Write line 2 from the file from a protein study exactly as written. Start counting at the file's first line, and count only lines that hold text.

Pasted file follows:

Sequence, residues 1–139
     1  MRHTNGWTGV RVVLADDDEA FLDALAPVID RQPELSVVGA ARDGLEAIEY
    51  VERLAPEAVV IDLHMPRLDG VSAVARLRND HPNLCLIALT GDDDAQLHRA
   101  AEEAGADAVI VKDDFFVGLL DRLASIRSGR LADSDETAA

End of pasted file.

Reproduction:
     1  MRHTNGWTGV RVVLADDDEA FLDALAPVID RQPELSVVGA ARDGLEAIEY